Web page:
1912 - Childhood

1931 - The Great Dust Bowl

1937 - KFVD Radio Years

1940 - New York Town

1941 - Columbia River

1942 - World War II

1946 - Coney Island

1954 - The Hospital Years

I Ain't Dead Yet

Where's Woody Now?

Song & Life Timeline




Woody Sez quotes


Woody Guthrie's Biography

Page 9 of 10


"There's a feeling in music and it carries you back down the road you have traveled and makes you travel it again. Sometimes when I hear music I think back over my days - and a feeling that is fifty-fifty joy and pain swells like clouds taking all kinds of shapes in my mind.

Music is in all the sounds of nature and there never was a sound that was not music - the splash of an alligator, the rain dripping on dry leaves, the whistle of a train, a long and lonesome train whistling down, a truck horn blowing at a street corner speaker - kids squawling along the streets - the silent wail of wind and sky caressing the breasts of the desert.

Life is this sound, and since creation has been a song. And there is no real trick of creating words to set to music, once you realize that the word is the music and the people are the song."
- Source: Excerpts, 1942 datebook, Pastures of Plenty, pg 105.


This Land Is Your Land

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Recording taken from-
This Land Is Your Land: Asch Recordings, Vol. 1

Photo by Lester Balog

"I Ain’t Dead Yet"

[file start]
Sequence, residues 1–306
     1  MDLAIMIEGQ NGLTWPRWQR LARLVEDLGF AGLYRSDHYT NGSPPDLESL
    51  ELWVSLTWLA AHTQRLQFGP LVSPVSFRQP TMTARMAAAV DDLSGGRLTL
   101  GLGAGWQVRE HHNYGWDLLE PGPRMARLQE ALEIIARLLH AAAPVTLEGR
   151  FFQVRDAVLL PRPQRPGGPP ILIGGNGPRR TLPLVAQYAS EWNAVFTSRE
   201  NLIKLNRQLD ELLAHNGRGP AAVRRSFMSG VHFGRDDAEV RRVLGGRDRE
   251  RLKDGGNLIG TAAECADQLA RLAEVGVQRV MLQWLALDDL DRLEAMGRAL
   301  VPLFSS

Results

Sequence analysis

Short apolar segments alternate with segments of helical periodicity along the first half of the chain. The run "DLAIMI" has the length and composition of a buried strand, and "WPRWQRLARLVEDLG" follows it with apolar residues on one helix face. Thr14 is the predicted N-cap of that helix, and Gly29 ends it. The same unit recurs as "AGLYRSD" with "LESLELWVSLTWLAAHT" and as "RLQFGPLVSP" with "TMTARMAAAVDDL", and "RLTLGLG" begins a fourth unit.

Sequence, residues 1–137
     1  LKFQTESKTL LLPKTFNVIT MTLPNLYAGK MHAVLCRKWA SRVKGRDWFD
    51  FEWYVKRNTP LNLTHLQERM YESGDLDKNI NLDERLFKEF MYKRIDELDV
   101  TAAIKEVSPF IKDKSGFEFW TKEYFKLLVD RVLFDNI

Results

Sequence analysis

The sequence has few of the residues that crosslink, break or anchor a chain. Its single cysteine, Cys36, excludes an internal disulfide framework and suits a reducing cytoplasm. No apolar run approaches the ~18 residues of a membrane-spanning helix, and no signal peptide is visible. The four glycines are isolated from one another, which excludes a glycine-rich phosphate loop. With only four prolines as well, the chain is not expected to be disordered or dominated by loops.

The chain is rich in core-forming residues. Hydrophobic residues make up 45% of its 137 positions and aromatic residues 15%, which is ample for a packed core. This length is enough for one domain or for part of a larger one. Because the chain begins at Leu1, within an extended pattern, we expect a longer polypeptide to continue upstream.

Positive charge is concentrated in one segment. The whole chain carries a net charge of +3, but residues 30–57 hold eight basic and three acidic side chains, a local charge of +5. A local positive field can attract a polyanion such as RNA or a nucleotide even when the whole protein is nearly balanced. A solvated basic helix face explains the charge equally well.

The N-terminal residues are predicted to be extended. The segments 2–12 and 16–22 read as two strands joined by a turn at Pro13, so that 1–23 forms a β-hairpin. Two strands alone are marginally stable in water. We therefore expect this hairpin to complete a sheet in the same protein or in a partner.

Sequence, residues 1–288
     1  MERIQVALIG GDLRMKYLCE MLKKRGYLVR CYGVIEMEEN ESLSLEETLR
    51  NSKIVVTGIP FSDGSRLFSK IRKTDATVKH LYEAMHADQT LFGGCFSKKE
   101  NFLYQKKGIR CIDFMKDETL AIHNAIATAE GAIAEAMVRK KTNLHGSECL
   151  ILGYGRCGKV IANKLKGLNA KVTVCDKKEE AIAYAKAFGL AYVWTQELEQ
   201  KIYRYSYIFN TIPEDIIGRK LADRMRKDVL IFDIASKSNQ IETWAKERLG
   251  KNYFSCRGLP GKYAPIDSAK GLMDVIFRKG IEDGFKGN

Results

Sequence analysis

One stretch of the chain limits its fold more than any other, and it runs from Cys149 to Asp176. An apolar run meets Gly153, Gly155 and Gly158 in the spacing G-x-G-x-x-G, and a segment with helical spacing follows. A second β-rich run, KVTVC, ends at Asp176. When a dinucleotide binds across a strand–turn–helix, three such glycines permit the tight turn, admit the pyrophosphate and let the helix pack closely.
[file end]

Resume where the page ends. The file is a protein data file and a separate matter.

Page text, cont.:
Having lived through some of the most significant historic movements and events of the Twentieth-Century --the Great Depression, the Great Dust Storm, World War II, the social and the political upheavals resulting from Unionism, the Communist Party and the Cold War-- Woody absorbed it all to become a prolific writer whose songs, ballads, prose and poetry captured the plight of everyman. While traveling throughout the American landscape during the 1930s, '40s, and '50s, Woody's observations of what he saw and experienced has left for us a lasting and sometimes haunting legacy of images, sounds, and voices of the marginalized, disenfranchised, and oppressed people with whom he struggled to survive despite all odds. Although the corpus of original Woody Guthrie songs, or as Woody preferred "people's songs" are, perhaps, his most recognized contribution to American culture, the stinging honesty, humor, and wit found even in his most vernacular prose writings exhibit Woody's fervent belief in social, political, and spiritual justice.

In 1996, The Rock and Roll Hall of Fame and Museum and Case Western Reserve University presented a ten day celebration honoring Woody Guthrie, entitled Hard Travelin'. It was the first major conference on the legacy of Woody Guthrie complete with a photo exhibition, lectures, films, and two benefit concerts, which were held in support of the Woody Guthrie Archives.

Honors and Awards

Woody Guthrie has been recognized for his monumental contributions and achievements in American culture. He has been the recipient of prestigious awards both from governmental departments and private arts organizations.

  • U.S. Department of the Interior, Conservation Service Award 1966
  • The National Songwriters' Hall of Fame inductee 1970
  • The Nashville Songwriters' Hall of Fame inductee 1977
  • The Rock and Roll Hall of Fame Museum inductee 1988
  • The North American Folk Alliance Lifetime Achievement Award 1996
  • National Academy of Recording Arts and Sciences, Lifetime Achievement Award 1999
  • The Oklahoma Hall of Fame inductee 2006